The pace and exhilaration of visiting holy sites accelerated day by day. There were far too many to mention, but here are some highlights: Sailing on the Sea of Galilee and kneeling at the water’s edge, the very place that some of the first apostles had launched their boats two millennia before. The recently excavated site of Peter’s house in Capernaum, a mere eighty feet from the entrance to the town synagogue where Jesus taught while staying in Peter’s home. A stunning chapel dedicated to women in the church at Magdala, the hometown of Mary Magdalene. The view of the wide, lush Jezreel Valley from Mount Carmel, where Elijah had defeated Jezebel’s priests of Baal. The stone in the Church of the Multiplication, where Jesus is said to have laid the bread and fish before feeding the 5000. The churches of the Annunciation and the Nativity, both redolent with the spirit of Mary and the overwhelming love of the Incarnation. The Western Wall, its massive Herodian stones still pressed hard by hands, heads, tears and written prayers. The Garden of Gethsemane, with its 2000 year-old olive trees, stoic witnesses to Jesus’ agony. The hushed, surprisingly small Edicule surrounding the tomb of Jesus in the Church of the Holy Sepulchre, built on the traditional site of Calvary.

Are these sites “authentic”? Are they were the actual locations spoken of in the Bible? Some are, probably most aren’t. But it doesn’t matter. What matters is seeking and praying where countless others have sought and prayed to the same God. At most sites we were able to stop, if only for a few moments, and feel the presence of Spirit, despite the noise, rancor, sights and smells of contemporary life, especially in Jerusalem. The presence of Israeli soldiers in the Old City and the Moslem Waqf security forces on the Temple Mount, the constant din of hawkers shouting from the stalls lining the souk, the aromas of food and spices, the delivery vehicles pushing aside crowds in the streets, and the palpable sense of tension provided strong counter energy to the peace found in prayer at holy sites. It is not the purpose of this article to examine the current issues troubling the people of the Holy Land, and Jerusalem in particular, except to note that moments of stability and peace in this region have been historically few and far between.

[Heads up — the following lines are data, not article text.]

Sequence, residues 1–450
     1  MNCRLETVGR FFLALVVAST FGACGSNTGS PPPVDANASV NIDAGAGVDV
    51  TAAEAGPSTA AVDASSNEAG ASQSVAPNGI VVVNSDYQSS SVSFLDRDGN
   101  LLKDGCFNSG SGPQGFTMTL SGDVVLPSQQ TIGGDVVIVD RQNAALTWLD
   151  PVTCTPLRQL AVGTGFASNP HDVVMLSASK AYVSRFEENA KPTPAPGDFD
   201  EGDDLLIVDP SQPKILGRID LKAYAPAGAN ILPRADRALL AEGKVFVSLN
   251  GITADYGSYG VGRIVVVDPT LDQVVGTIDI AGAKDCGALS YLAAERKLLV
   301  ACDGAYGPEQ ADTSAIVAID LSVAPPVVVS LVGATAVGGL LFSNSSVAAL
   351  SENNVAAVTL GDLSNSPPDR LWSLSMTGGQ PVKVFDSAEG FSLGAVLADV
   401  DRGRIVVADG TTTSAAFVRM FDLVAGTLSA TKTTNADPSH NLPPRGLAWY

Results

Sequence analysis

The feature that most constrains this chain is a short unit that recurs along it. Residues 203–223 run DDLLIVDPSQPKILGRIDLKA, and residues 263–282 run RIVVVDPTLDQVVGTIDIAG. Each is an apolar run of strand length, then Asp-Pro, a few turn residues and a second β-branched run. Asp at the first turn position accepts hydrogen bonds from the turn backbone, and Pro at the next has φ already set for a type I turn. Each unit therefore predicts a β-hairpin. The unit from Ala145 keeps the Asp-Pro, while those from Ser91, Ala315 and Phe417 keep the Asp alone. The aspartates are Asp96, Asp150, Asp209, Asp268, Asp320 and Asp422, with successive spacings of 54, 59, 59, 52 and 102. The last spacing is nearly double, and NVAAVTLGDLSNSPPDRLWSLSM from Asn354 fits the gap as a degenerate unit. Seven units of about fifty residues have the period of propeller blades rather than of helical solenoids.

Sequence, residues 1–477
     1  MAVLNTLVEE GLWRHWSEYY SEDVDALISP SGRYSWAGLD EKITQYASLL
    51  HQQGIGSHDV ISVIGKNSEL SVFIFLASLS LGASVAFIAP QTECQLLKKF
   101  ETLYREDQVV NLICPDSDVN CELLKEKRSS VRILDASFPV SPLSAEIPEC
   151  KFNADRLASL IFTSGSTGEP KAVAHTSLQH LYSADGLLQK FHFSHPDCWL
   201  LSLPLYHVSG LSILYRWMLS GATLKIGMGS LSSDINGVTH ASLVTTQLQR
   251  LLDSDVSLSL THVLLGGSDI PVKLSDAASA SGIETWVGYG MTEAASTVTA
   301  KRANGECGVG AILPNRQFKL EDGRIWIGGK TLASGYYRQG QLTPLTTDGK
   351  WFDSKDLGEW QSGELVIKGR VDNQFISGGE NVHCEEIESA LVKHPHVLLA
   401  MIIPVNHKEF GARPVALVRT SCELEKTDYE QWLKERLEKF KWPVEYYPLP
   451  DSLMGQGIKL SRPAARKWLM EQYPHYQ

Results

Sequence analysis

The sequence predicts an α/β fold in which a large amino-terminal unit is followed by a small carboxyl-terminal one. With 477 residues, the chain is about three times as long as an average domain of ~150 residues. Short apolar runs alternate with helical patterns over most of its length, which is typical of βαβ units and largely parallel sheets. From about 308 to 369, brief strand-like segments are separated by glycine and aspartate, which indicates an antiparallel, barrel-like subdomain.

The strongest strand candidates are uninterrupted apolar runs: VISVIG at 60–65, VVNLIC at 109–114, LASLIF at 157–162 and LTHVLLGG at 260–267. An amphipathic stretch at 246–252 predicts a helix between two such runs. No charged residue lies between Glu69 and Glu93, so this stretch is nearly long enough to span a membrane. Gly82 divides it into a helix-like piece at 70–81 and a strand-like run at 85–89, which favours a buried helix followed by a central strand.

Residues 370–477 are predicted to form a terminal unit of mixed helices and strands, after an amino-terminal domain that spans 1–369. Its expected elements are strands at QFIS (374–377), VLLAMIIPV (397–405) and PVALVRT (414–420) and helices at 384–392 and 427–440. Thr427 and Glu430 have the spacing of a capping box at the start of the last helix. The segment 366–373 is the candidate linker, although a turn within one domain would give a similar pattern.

All of us made it through the pilgrimage with no health emergencies, although some of us had to recover for some time from the stress and the strain – and in my case, food poisoning – after we returned. But many of us still carry a visible light from the experience. Some of us have burst into tears at hearing Bible passages that mention the sites we visited. All of us have been changed. Now I am not particularly given to sentimentality, nor do I believe that God is only to be found in certain geographic locations – we don’t get compensated for simply showing up somewhere where tradition says that a major Biblical event may have occurred. But God always rewards those who truly seek and sacrifice. That is what pilgrimage is about – seeking first the kingdom of God, no matter what the cost.

Pilgrimage is hard. But none of us would trade the experience for anything.